It inclined him to despair, on such an unforgivingly hot night. He was twenty-six—how soon hath time, that winged thief!—and had achieved nothing. The police despised him, and any man or woman of his own class might dismiss him without a thought for this odd folly of his profession.
“Sir,” said Graham, after a long silence.
“Yes?” Lenox replied, looking up after a beat out of the oceanic lethargy of his thoughts.
“I’m going to fetch a glass of water from the kitchen, if you’d like one.”
“Oh. Why, all right. Thank you, Graham.” He mustn’t give in to melancholy. “I would eat some of that cold plum pudding if it happened to be in the larder, too.”
The Vanishing Man, in true Lenox fashion, has a nice balance of mystery, history, and humorous charm. While certain stakes are sky high—this is Shakespeare we’re talking about, a man who was already mythic even in 1853—they never become too personal or dangerous for our hero. This is a tale that strolls at a comfortable pace, giving us a nice view of the scenery and colorful characters, without stressing our nerves or heart overmuch.
That isn’t to say that The Vanishing Man isn’t substantive. Charles Finch fills the space between plot-pertinent clues with plenty of intriguing etymology and history, bringing Victorian England to life in that pleasant, conversational way we’ve come to know and love.
The supporting cast is as fine as ever: standouts include the enigmatic Bonden—an ex-naval man with an almost supernatural gift for locating missing items and disappearing into the scenery—and Lenox’s twelve-year-old cousin, the ironically named Lancelot, who’s staying with the detective and wreaking havoc with his peashooter and precocity.
Lenox was just going to cross the hall to intervene when Lancelot said, in a tone that was more anthropological than anything—scientific—“You’ve got a perfectly enormous mouth.”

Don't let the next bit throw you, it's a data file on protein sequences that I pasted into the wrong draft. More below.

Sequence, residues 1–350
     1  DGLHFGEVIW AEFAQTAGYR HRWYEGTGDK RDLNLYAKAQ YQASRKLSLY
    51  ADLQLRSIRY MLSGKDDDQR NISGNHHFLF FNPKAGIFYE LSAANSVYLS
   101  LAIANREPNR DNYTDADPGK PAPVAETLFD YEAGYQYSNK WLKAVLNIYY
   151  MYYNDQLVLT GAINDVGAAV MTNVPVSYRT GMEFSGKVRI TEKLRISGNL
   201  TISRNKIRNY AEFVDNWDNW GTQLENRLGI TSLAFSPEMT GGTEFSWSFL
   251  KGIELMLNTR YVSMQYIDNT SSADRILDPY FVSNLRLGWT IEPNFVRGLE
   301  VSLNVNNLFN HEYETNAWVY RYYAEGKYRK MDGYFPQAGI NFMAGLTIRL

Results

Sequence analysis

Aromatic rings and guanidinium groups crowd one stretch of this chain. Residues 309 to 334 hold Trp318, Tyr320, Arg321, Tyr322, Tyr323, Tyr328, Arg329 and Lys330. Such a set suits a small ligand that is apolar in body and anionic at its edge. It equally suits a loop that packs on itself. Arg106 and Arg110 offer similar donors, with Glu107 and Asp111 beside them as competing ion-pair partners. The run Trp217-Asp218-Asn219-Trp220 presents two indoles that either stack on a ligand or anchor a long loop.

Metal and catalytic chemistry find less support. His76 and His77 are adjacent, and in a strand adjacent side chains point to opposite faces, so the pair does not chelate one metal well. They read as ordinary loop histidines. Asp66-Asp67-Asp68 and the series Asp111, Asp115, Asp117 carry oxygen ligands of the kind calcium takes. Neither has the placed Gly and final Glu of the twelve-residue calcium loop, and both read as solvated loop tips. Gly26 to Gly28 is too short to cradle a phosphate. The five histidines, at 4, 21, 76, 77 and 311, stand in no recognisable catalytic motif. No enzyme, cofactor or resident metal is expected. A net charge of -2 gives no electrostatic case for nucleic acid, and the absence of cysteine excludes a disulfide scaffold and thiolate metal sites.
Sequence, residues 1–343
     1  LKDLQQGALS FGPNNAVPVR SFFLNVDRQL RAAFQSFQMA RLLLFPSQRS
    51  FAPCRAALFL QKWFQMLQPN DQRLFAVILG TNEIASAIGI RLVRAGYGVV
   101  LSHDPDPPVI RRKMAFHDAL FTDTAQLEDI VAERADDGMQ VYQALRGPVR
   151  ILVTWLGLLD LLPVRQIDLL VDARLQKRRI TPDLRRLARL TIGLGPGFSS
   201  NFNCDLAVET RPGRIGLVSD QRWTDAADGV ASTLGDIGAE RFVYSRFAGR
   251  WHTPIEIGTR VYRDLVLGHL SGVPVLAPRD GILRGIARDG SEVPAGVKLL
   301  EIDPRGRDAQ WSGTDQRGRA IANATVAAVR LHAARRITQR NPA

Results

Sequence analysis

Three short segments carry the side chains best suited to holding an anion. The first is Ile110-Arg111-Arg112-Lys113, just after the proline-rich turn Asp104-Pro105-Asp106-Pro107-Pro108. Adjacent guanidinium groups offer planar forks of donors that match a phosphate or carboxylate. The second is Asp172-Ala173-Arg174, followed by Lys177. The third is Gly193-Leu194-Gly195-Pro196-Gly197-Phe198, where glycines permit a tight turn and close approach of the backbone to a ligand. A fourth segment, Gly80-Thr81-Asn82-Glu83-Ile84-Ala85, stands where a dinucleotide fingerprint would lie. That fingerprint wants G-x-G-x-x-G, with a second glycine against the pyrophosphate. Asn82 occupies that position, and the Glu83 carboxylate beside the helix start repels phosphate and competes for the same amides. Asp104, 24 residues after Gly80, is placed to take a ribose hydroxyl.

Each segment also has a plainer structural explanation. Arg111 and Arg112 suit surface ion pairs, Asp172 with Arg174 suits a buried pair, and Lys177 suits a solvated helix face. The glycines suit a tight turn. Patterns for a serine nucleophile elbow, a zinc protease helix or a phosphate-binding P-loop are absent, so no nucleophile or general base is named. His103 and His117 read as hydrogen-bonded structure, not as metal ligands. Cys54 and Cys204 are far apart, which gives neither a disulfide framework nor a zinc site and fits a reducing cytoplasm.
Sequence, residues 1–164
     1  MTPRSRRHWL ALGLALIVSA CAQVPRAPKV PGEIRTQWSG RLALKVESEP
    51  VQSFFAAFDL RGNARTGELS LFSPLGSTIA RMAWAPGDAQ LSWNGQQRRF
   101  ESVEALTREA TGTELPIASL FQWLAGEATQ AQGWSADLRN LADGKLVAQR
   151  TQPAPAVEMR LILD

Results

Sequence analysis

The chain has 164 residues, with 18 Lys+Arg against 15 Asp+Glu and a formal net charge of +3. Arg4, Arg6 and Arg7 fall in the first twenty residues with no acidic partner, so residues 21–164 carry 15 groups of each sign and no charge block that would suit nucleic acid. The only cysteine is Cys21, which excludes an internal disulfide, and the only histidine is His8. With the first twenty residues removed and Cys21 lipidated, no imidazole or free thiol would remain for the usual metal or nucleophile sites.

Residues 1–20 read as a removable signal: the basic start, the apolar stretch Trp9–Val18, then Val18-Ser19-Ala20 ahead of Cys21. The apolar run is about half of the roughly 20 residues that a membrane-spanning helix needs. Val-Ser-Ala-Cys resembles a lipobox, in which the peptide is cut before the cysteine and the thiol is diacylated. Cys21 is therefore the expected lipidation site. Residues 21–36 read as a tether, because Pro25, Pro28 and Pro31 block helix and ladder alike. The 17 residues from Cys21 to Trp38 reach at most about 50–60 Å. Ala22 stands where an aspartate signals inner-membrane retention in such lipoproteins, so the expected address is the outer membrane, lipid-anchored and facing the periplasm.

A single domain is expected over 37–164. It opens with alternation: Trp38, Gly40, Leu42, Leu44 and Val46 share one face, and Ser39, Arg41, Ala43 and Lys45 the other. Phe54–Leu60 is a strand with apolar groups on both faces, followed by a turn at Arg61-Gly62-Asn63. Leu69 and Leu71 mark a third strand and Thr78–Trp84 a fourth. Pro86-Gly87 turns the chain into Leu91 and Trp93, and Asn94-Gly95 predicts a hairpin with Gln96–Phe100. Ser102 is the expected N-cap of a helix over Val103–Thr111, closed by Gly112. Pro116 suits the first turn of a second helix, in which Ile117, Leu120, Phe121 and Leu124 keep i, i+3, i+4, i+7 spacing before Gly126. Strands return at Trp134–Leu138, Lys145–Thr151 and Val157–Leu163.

The duke looked startled. “Excuse me?”
“You’ve got a huge mouth!” Lancelot bellowed. Then he added, with sympathy, “My great-grandfather is deaf, too.”
The duke reddened to the roots of his hair. “I’m not deaf. I’m fifty-seven.”
“Oh, so you’ll die soon. Rotten luck. Oh well, swings and roundabouts.”
“Have you seen how many grapes you could put in there?”
“In your mouth. Do keep up.”
“Of course I haven’t,” he said. Dorset’s hand went involuntarily to his mouth. “It’s a normal-sized mouth.”
“Are you that duke?”
“I am the Fifteenth Duke of—”
“I bet you could get ten grapes in there without any problem at all. After that it would be tricky.”
“We could nev—”
“It’s a once-in-a-lifetime opportunity. We’d simply be throwing it away not to try,” said Lancelot. “Shall I ring and ask for some grapes?”
The duke, who had existed for many years without the encumbrance of a living soul disobeying his wishes, looked wholly bewildered.
It may be a prequel, and we see plenty of familiar faces, but The Vanishing Man still adds new depth and layers to Lenox and his world, making it a must-read for old fans. At the same time, it’s fresh enough to be a great launching point for any newcomers to the series.
Finch’s light touch makes for a compelling if leisurely read, a nice palate cleanser if you’re coming off something dark and heavy—and the perfect antidote to a grey and chilly February.